Every year there are F1 cars that don't score any points and always qualify at the back of the grid. It's a fact of life. For the past few years those cars have been run by HRT, Marussia, and Caterham.
Now that HRT has gone out of business, presumably from being so gosh darn slow, there are only two backmarker teams left in the series. And of course, both are promising massive steps forward in performance for 2013 thanks to aggressive designs and talented personnel.
Backmarker teams make this sort of promise all the time. They've hired some behind the scenes rockstars that are supposed to totally transform the way the cars perform. HRT had Geoff Willis on staff for the design of their last car. Willis was a prominent and successful member of BAR-Honda, Honda Racing, and Red Bull before working at HRT. And HRT still finished dead last.
Caterham's new car is the CT03. The car is powered by Renault's RS27 V8 and designed by Mark Smith, who used to be with world champions Red Bull Racing and also worked with Force India.
The CT03 has a number of cool little details like an aggressively stepped nose and turning vanes on top of the side pods. It's quite the attractive car. Of course, good looks don't immediately transfer to speed.
The Marussia MR02 is the first car from the team designed by Pat Symonds. If that name sounds familiar, it's because he played a major role in the scandal where Nelson Piquet Jr. was ordered to crash in Singapore in order to allow Fernando Alonso to win the race. He was subsequently banned from the sport, but now he's been allowed back in. The MR02 is the first Marussia to be in a windtunnel (Correction: Last year's car, the MR01 also spent a little time in a windtunnel. Apologies) and uses a KERS power boost system sourced from the Williams team.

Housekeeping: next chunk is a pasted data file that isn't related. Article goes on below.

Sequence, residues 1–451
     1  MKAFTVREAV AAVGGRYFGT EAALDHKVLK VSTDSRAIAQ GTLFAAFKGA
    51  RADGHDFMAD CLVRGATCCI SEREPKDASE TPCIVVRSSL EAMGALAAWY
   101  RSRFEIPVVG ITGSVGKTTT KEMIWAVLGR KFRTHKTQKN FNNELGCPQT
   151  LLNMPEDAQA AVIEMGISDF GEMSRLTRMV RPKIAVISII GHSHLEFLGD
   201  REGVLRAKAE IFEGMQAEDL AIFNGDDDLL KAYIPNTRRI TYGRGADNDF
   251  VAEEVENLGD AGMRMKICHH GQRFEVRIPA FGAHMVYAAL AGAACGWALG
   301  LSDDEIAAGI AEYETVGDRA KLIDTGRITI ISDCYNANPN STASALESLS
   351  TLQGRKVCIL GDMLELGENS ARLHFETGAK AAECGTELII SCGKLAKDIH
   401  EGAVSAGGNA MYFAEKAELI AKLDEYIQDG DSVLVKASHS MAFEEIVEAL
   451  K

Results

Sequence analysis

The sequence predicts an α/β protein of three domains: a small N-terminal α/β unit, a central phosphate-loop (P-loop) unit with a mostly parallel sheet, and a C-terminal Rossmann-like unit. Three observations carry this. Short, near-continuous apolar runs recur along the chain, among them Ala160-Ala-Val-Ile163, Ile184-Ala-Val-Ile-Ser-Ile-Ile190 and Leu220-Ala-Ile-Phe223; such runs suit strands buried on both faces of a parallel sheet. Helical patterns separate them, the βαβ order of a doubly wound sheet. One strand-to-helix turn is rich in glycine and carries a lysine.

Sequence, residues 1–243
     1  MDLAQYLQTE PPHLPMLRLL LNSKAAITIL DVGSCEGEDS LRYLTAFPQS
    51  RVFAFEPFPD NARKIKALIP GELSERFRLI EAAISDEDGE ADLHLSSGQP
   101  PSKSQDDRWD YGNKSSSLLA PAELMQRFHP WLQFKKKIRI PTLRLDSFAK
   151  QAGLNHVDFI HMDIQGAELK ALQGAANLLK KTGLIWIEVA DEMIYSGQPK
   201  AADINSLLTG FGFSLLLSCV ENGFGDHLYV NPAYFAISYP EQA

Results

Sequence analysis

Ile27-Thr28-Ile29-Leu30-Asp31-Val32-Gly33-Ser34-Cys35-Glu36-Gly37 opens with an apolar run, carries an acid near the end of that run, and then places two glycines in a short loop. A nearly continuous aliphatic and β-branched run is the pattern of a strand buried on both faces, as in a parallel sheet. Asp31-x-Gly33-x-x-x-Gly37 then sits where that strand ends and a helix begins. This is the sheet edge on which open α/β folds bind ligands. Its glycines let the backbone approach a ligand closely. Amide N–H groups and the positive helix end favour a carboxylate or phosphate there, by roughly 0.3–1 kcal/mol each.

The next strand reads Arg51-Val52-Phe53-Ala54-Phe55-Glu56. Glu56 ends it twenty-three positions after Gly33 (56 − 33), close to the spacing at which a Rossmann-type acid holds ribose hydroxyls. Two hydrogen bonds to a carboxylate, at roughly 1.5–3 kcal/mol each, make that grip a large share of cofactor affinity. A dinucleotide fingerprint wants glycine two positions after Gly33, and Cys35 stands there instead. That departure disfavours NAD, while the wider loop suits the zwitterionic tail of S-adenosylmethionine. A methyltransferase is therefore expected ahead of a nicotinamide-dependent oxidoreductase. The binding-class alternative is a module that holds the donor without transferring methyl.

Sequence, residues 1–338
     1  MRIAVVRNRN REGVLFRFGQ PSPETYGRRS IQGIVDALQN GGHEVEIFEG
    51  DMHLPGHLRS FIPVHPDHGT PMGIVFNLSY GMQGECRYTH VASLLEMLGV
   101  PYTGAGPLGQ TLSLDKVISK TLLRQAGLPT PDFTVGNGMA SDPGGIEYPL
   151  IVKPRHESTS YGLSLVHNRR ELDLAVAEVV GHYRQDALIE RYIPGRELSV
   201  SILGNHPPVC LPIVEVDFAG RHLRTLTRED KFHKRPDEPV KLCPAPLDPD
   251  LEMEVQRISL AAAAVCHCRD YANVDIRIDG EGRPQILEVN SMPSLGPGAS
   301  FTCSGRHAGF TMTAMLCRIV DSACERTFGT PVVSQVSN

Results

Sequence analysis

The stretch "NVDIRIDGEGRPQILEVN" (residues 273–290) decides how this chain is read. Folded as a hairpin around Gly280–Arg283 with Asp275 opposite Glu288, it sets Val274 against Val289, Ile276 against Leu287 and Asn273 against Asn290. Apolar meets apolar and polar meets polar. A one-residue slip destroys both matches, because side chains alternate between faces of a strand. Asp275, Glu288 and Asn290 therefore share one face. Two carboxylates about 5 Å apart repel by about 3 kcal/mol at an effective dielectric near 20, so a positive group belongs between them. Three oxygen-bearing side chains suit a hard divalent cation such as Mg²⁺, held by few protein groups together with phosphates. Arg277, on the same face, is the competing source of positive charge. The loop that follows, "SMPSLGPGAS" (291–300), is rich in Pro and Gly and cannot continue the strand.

NBC Sports' F1 analyst and former F1 mechanic Steve Matchett postulated the following about the two cars:
My initial impression of both chassis is that Marussia have drawn a car hoping for good reliability; the Caterham looks designed to be fast.— Steve Matchett (@MrSteveMatchett) February 5, 2013
But both cars will still be very close to the back of the grid all year. And that's because these teams might have corporate sponsors, but they don't get a huge investment or have massive budgets. Both teams have pay drivers to help add to the bottom line, but that isn't really enough to keep up with Ferrari or McLaren's bottomless pockets, top quality drivers, and amazing engineering staff.
Cars hit the track for testing in Jerez, Spain this week. It'll be interesting to see just how big a step forward Caterham and Marussia have made.
Photo Credits: Caterham F1 Team, Marussia F1 Team